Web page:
I realized some time ago that my traditional way of working was inefficient and limited. I was generating my own ideas, working in a silo to produce fully realized documentation, then asking for feedback after pouring my heart and soul into a finished deliverable. It wasn’t a fruitful way of making quality designs. Ironically, I had always appreciated the creative approaches I learned about in art school, though I never put similar approaches to use in my work. The Exquisite Corpse game created by Surrealist artists comes to mind. This game involves the collective assembly of words or images, usually the body of a person. The results are entertaining and humorous, but more importantly, they spark new ideas. I had also never thought to look outside my own industry for new ideas. But in an art school drawing class, we watched a film called Decasia: The State of Decay. It is an assortment of very old silent films that are decaying with age. The film is set to music, and the decayed artifacts render distorted imagery that is stunning to watch. We watched the film in its entirety, and then used stills to inspire charcoal drawings. Both the Exquisite Corpse exercise and the film helped me find new ideas as an artist. I remember them both so clearly because they had such an impact upon my creative approach.

For years I had never thought to apply collaborative activities like the Exquisite Corpse to my own practice as a UX designer, nor did I think to look outside of my industry for inspiration. But thanks to the many collaborative exercises outlined in Dave Gray’s Gamestorming, as well as Kevin Hoffman’s mentorship and work on running effective, collaborative meetings, I’ve come to build creativity into my work as a UX designer. I’ve learned to involve a diverse range of stakeholders in the creative process so that various perspectives are considered, rather than relying solely on the perspective of myself or other designers. At the most basic level, crowdsourcing colleagues allows me to accomplish more than simply working alone. But it also brings more ideas into the equation than I could ever generate on my own. Sketching and affinity diagramming are two of many techniques I’ve learned to employ with groups of stakeholders or clients.”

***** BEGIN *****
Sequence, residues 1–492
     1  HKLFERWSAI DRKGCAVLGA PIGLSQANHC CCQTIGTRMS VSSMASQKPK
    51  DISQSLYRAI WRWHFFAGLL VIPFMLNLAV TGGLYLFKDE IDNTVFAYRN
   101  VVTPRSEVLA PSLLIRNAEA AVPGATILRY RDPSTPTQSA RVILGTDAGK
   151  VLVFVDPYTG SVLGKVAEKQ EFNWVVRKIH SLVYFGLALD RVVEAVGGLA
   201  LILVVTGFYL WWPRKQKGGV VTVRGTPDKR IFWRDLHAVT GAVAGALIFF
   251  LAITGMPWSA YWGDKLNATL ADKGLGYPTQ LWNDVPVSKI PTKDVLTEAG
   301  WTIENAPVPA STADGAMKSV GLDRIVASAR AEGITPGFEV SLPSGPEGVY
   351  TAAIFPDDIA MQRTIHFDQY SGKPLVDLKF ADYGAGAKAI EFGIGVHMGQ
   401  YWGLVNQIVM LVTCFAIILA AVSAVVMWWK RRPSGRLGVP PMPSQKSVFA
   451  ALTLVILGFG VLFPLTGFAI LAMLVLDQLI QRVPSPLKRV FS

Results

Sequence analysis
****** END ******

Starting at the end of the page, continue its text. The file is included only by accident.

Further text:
Finally, I asked Jessica to share a memorable example that speaks to the relationship between her creative and professional pursuits.  She explained,

“While at Happy Cog, I was tasked with creating a site map for a client project. A site map is essentially a diagram of all pages on a website. The diagram accounts for all pages but also establishes the hierarchy and organization of those pages, forming a comprehensive website structure. I had traditionally created site maps on my own. However, I decided to create this one collaboratively with the help of several colleagues working on this project. Together we successfully produced all possible types of content, categorized them on the wall, and adjusted the categories for content that didn’t have a natural place to go. The result was a site map structure that everyone on the team was happy with.”


Jess is a Philadelphia-based User Experience (UX) designer and researcher who enjoys making websites useful, easy to use, and enjoyable. She speaks, writes, and volunteers for many things UX. She’s spoken internationally at conferences such as SXSW, Midwest UX, IA Summit, and UX Camp Ottawa. She’s the main organizer for UX Book Club Philly and served as an officer for PhillyCHI, Philadelphia’s UX community. Previously a senior experience designer at Happy Cog, she is now senior UX specialist at AWeber.

Jess is passionate about making everything she touches easy and enjoyable to use. A strong advocate for universal usability, she’s admittedly befuddled by a lack of clarity in everything from road signage to food packaging. She especially likes to drive her family nuts by complaining about the plastic film on food containers that can’t be removed without a knife.

In her spare time, Jess busies herself with reading, cooking, and enjoying a fine glass of wine or craft beer. She’s also mildly obsessed with the TV show Forensic Files.

© 2013 Kira Campo